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Choosing a baby’s last name


Whether I’m ready or not, I’m going to be a father in about a month.

My partner and I have spent a lot of time thinking about what to name our baby, but we have given every bit as much thought to our baby’s last name (surname) as her first name.

Art Farmer

This man is not a Farmer (photo courtesy of vernon.hyde)

Surnames are funny things. They are fossils, names frozen in time from when people first started using them a few centuries ago. Often they are of the job that someone used to do (Miller, Baker, Smith) but are of little relevance today. So maybe they don’t need to be preserved in stone.

Traditionally, a woman adopts her husband’s surname through marriage, and so the baby simply takes the father’s surname as well. This practice of name adoption is a relic from when women were considered property. Today, the practice still gives preference to the man’s name over the woman’s, even if no one thinks of women as property anymore. My partner and I have no interest in any of this, so she has retained her own name.

That leaves us with two last names: Nasrallah (mine) and Resnick (her’s). Which one should the baby get?

Bad Option 1: Use one name

Some parents in this situation give the baby either the father’s or the mother’s name, like Lorem Ipsum Resnick. In a stable two-parent household I think this is a bad idea, because it creates a disconnect between the child and one parent.

Bad Option 2: Make one a middle name

Similarly, using one of the parents’ last names as the child’s middle name (Lorem Resnick Nasrallah) implicitly gives one name precedence, since no one really cares about middle names anyway. And often it is the mother’s name that gets the short end of the stick in these situations.

Bad Option 3: Hyphenate

Other parents have chosen to give the child an enormous hyphenated last name: Lorem Ipsum ResnickNasrallah This solves the equality issue, but is an unsustainable strategy. When Ms. Resnick-Nasrallah meets Mr. Miller-Smith and has a baby, will the baby be Resnick-Nasrallah-Miller-Smith?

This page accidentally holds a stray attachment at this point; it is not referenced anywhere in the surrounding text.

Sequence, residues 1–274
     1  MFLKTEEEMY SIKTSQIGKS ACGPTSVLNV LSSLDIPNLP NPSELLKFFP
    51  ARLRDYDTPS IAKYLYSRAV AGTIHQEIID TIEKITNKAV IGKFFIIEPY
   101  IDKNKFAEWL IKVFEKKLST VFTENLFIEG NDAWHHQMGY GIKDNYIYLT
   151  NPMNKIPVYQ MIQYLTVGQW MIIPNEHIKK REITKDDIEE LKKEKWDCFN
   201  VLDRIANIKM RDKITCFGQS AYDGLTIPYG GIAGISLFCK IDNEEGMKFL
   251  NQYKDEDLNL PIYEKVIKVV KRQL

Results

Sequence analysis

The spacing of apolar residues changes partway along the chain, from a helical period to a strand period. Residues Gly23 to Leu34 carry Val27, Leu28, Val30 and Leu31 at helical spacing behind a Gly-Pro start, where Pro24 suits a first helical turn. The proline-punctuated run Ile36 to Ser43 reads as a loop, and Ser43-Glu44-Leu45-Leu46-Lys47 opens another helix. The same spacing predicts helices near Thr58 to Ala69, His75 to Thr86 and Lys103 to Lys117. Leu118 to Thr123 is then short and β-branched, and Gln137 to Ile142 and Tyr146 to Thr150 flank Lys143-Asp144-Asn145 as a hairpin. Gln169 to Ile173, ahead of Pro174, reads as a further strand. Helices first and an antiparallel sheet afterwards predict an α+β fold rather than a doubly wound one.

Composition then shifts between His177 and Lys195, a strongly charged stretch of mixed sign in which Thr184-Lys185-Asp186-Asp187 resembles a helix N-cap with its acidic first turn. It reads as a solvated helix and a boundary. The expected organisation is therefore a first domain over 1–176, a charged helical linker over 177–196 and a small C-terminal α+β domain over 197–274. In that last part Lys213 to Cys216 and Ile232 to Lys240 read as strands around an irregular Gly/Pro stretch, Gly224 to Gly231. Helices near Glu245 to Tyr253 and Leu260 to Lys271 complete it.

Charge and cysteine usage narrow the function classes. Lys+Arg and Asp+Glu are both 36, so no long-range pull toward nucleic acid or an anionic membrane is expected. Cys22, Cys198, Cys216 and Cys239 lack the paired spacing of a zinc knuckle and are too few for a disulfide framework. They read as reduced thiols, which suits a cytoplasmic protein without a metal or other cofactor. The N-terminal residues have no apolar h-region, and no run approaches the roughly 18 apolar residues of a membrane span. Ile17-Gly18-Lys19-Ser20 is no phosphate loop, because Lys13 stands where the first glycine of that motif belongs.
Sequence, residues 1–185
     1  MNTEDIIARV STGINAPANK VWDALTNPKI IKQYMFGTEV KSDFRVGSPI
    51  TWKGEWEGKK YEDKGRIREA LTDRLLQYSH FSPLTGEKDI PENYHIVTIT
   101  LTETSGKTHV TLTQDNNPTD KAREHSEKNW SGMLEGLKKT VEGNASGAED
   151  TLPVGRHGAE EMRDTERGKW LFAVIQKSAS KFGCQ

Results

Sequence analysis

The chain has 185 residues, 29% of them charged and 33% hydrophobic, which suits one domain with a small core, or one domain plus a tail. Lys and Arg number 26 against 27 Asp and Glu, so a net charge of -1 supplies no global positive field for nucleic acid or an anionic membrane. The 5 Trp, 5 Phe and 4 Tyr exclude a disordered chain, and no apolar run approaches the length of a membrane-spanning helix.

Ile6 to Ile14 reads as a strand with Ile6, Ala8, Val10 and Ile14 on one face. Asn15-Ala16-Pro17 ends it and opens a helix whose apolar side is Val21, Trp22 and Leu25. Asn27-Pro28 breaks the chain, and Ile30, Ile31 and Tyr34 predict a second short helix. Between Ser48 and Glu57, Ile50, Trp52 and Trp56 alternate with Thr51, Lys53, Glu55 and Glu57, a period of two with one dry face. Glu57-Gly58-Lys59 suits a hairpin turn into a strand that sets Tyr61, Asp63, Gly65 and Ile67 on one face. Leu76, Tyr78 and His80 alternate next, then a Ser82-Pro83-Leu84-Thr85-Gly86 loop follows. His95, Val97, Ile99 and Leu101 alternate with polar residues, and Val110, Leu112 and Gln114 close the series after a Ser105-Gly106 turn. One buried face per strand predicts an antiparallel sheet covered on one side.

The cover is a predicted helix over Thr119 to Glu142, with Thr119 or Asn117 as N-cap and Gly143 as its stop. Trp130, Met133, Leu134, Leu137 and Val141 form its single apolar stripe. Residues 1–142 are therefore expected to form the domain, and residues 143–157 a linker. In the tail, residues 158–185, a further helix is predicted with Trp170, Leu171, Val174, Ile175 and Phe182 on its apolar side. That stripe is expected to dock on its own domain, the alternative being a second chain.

The Solution: Use part of both!

The answer is to use only a part of each of the parent’s last names. It’s like a surname mash-up.

Using a single breakpoint, our favorite new name combination is Nasralnick. Another excellent option would be Resrallah, which is especially fun if said in a Scooby Doo voice.

This name-recombination approach also appeals to me because of its relationship to biology. A child gets exactly half of their DNA from their mother and half from the father. Why shouldn’t the child’s name be the same?  The crossing-over of names also has a connection to chromosomal recombination during meiosis.

Name crossing-over

Chromosomal recombination (Wikimedia Commons)

The beauty of this is that you can point to the parts of the child’s name and say “This part is from your mommy, and this part is from your daddy.”

Other couples may have names that don’t recombine quite as well. In these cases more than one recombination breakpoint might be necessary (Resralnick, for example). In the worst case scenario, the letters of the two names can be used to create an entirely new name from the pieces (like Rascal). This option gives you a lot of freedom to be creative.

Why Not?

Many people worry that having a different name from your child will cause problems when flying with them. This is untrue. Simply keeping a copy of the birth certificate will quickly resolve any potential issues.

Others worry it will make their child feel different from other kids. It won’t matter what last (or first) name you give to your child: other kids will find some way to tease them.

Finally people tell me “We want our family to all have the same last name.” No problem: mom and dad can adopt the newly created name as well. Then the family can take on a new unified identity together.

Editor’s Note: the baby will probably not be called Lorem Ipsum.

One Comment leave one →
  1. 2013.07.24 07:38

    Chris, I love this! And it would be totally awesome for the three of you to take on the new name together. Looking forward to finding out the final decision.

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